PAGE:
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Root Canal Procedure Breakdown

When you hear about a friend or family member having to go the dentist to undergo a root canal procedure it is usually met with reactions of pain. People hate the thought of it but not many know exactly what it is.

While not everyone will have to get one during their life, some people will eventually have to see a dentist to get a root canal procedure.  A root canal is a treatment used to repair and save a tooth that is infected or badly decayed. During the procedure the nerve and pulp are removed the inside of the tooth is cleaned and sealed. If treatment does not occur in a timely fashion the tooth and gums could become infected and an abscess could form.

The infection and decay that necessitates a root canal procedure can be caused by debris being lodged in the area below the tooth. To fix the problem a dentist will drill into the tooth and locate the chamber where the debris is stuck. Once the dentist has identified the debris he or she will remove the nerves from the root canal and then fill them back in to seal the opening. Often times a dentist will fit the tooth with a crown.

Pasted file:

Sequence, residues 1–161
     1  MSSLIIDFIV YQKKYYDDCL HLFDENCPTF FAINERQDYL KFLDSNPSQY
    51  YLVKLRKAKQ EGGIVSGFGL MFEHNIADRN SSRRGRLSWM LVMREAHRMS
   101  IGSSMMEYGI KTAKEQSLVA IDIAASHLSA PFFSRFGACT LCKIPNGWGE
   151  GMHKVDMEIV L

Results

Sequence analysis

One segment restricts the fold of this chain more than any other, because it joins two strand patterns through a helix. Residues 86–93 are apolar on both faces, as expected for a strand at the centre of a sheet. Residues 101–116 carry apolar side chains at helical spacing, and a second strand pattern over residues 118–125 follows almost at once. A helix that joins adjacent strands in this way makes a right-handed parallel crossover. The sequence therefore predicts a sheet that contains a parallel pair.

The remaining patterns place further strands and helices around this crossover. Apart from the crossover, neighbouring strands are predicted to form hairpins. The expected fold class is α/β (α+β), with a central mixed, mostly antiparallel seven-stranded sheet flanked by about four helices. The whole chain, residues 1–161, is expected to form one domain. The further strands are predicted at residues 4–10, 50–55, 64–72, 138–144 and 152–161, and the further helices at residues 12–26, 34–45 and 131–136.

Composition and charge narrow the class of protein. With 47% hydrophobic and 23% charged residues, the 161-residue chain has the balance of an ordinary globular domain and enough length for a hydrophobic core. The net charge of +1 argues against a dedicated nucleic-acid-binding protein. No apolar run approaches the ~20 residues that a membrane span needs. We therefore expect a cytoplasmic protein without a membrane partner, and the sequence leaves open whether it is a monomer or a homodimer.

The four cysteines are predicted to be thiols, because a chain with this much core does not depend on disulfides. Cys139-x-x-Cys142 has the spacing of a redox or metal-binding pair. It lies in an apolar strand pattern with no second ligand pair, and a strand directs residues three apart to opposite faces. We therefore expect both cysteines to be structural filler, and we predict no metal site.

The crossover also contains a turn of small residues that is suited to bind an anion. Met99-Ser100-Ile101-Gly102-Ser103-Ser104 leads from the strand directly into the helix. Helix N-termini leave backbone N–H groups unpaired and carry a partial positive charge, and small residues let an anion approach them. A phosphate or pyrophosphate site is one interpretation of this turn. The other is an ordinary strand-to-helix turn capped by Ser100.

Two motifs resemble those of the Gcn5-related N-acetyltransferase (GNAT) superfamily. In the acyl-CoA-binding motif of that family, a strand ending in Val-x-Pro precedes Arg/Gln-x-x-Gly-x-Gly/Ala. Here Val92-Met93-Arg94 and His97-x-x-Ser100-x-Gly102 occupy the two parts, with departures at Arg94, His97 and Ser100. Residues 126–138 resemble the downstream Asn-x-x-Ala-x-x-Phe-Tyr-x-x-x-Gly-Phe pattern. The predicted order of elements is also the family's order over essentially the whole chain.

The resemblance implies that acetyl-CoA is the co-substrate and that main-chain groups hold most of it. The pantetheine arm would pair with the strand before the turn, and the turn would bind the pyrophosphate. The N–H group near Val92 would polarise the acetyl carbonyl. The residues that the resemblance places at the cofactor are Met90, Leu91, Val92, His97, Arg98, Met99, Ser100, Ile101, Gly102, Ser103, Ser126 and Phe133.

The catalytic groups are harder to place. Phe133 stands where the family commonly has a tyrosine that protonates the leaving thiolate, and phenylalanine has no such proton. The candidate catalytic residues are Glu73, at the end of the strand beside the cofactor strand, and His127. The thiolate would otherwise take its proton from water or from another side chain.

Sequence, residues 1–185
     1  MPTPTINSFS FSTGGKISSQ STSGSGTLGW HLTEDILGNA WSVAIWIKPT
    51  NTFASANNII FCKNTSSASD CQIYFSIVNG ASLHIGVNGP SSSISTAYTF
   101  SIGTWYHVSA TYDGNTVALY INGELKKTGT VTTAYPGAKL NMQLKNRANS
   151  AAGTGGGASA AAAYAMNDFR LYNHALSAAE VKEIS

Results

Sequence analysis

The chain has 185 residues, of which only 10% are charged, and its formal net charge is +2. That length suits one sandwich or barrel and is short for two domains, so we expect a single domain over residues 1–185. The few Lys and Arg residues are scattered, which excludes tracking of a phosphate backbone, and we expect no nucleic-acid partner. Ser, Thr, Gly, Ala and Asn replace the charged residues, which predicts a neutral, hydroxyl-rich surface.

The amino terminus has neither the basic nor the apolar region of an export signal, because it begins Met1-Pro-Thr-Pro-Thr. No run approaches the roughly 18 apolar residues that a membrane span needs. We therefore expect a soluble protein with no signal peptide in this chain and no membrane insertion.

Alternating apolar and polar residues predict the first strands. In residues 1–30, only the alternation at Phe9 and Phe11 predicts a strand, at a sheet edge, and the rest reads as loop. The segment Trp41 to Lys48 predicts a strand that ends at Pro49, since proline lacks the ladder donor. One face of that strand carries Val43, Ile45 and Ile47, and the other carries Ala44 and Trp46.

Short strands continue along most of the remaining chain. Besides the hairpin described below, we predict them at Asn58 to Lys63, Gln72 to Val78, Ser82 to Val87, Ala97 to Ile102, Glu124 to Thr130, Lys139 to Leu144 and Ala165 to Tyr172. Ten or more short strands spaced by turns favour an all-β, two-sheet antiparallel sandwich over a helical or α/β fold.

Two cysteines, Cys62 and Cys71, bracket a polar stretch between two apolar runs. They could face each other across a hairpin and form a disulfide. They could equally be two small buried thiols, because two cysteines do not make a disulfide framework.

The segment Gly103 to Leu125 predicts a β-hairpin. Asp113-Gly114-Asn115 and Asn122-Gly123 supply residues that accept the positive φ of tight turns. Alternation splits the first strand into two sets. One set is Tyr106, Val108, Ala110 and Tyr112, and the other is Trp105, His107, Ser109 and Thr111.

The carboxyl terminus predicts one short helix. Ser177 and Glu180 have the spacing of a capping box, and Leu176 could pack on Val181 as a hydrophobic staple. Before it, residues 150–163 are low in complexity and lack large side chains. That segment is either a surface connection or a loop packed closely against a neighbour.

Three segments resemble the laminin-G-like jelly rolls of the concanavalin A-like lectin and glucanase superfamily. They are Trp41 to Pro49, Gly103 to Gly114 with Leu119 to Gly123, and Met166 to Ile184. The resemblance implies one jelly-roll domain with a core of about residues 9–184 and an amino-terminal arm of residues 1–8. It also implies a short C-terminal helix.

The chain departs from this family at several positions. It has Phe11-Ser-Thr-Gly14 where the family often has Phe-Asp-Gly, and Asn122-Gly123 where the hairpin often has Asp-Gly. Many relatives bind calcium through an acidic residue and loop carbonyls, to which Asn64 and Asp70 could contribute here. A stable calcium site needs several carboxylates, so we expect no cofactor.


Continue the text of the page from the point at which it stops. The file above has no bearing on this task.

While root canal procedures are often described as the most painful dental procedures modern science has made it much less excruciating for the patient. Many dentist today liken the pain to that following a wisdom tooth removal surgery, nothing to scoff at, but not nearly as painful as it was in the past. However, the amount of pain resulting from the procedure depends on the level of inflammation and infection in the root canal. Unfortunately for individuals having to undergo the procedure there are very few options. You can either deal with pain in your day to day life or have the tooth removed entirely.

You can prevent a root canal procedure by maintain proper oral health () and visiting a dentist twice a year.

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